This post discusses how I chose WordPress over other options. I will explore the set up process in more detail in future posts.
Based on recommendations from a colleague, I found HostGator, a low cost hosting service, that supported a range of open source products and tools. (I have also found HostGator’s service good – have had problems due to a long time lag between creating accounts and actually using them and have had them fixed easily). If you decide to use HostGator yourself, use the coupon code: sktraining092010 to get an $9.94 discount off the package price.
HostGator support php/mysql, Joomla, WordPress and even Ruby and a range of open source tools and products. So this gave me my base to build on.
Option1 – Write my own database backed site using php and MySql
This would have been a good learning exercise, and would build on existing skills. I routinely use Dreamweaver to create ASP pages that talk to Access and now also SQL server databases. I have also done some work in php/mysql – to build the sign up/payment processing/storing outcomes and user details in an MySQl db for a charity bike ride.
Doing it myself I can also be sure that there is server side validation code to handle faulty input, prevent sql injection etc.
It would have taken forever to do, especially fitting the time in around work and study commitments.
Also I wanted to explore some of the open source tools that are out there eg WordPress/Joomla.
So on to Joomla…
Option 2 – Joomla
Joomla is an open source Content Management System (CMS). If you image it as an open source SharePoint lite (with the range of add on components, not so lite). You can define a range of roles for your users, create information resource sites, forums, blogs etc.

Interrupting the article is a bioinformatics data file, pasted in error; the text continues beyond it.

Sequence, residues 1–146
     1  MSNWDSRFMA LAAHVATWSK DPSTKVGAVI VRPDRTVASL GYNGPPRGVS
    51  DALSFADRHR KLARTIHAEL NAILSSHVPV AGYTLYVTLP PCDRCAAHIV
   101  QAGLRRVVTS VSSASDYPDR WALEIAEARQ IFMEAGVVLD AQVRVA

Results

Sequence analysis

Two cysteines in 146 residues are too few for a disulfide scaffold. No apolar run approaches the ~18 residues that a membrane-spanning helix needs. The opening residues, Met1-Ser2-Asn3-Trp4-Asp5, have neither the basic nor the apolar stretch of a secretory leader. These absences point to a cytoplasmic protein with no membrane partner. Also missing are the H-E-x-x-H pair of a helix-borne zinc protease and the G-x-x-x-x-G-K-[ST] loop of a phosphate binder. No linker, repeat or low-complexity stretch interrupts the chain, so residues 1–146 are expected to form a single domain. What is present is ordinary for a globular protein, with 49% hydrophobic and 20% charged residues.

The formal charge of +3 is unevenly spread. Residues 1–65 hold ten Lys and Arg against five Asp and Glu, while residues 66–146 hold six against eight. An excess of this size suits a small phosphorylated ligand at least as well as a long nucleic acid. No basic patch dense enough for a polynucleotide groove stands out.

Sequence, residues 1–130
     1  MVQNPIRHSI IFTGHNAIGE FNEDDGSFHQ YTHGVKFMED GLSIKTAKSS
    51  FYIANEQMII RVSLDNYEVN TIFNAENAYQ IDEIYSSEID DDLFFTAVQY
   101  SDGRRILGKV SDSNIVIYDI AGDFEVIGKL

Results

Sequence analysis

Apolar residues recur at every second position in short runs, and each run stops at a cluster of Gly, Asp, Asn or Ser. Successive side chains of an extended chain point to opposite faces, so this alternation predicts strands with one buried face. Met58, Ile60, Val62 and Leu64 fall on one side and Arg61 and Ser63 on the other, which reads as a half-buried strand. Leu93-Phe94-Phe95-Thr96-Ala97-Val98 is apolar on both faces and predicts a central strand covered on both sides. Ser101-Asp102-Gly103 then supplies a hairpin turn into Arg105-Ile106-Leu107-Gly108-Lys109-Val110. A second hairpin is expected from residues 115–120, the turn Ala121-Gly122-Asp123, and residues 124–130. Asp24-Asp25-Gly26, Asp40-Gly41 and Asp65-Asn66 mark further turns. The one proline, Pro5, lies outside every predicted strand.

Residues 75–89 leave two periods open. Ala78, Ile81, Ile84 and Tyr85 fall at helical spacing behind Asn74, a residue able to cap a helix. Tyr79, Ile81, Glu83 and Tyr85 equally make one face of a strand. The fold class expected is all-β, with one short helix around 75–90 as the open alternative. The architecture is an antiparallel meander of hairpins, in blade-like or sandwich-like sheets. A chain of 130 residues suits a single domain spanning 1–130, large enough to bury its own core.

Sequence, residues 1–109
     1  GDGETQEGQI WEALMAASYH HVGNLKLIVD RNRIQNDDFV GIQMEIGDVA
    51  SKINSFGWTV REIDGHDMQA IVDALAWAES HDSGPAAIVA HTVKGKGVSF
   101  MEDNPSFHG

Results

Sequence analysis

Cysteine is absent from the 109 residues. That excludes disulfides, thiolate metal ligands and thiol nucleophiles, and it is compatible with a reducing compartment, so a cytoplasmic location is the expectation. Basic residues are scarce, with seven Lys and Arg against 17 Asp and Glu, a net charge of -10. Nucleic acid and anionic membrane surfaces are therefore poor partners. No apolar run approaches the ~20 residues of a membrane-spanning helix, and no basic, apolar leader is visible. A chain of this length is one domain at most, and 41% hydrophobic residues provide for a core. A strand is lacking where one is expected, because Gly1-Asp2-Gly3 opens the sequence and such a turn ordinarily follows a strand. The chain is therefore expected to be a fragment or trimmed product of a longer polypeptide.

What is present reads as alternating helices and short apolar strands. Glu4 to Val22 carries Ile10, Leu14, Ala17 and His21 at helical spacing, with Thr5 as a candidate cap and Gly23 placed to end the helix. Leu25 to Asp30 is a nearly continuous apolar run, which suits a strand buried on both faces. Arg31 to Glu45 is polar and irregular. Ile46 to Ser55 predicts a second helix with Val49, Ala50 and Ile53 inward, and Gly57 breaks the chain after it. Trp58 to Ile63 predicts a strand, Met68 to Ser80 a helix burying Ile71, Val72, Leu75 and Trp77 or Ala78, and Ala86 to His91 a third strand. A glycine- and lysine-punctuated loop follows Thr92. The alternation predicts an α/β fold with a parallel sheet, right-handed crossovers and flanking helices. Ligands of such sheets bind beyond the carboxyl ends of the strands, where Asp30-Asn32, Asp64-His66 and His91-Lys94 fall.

So equipped with Barrie North’s excellent book, Joomla! 1.5: A User’s Guide: Building a Successful Joomla! Powered Website (2nd Edition)
, I explored using Joomla as a blog. I also looked at themes for Joomla.
In the end, I looked at the time I had available and looked at the customisation I would have to do and decided for what I needed to do NOW, a dedicated blog tool was the answer. I had helped a colleague set up a WordPress site and so I was off to look at WordPress.
I will be back to Joomla – I can see a use for its broader capabilities as a CMS over WordPress and will install it elsewhere on the site. The theme I ultimately chose for WordPress has a twin for Joomla which make it all look “all of one site”
Option 3 – Word Press
I could get it up and running in a day, and I did.
There are a range of free and pay for themes out there to give it a professional look. I used a theme I purchased from from Joomlashack, but I was impressed with other commercial theme sites. After discounts the theme cost $AUD 40, which is at the dearer end of themes, but way cheaper than writing the CSS myself. (SitePoint have a book out on making your own themes – for your own use or resale)
While this will only be part of what I am building, I can see WordPress being all some people, clubs and community groups need.
I will write a separate series of posts on the set up process, adding components, widgets, spam filters etc.
With any of the open source solutions, you need to work within the framework of the product, you loose a little of the flexibility of a solution you build yourself. However the broad range of add in components balances this out as does the speed of getting up and running. You also need to make sure you keep the product up to date to address known issues (eg bugs and security issues).
Your comments and feedback welcomed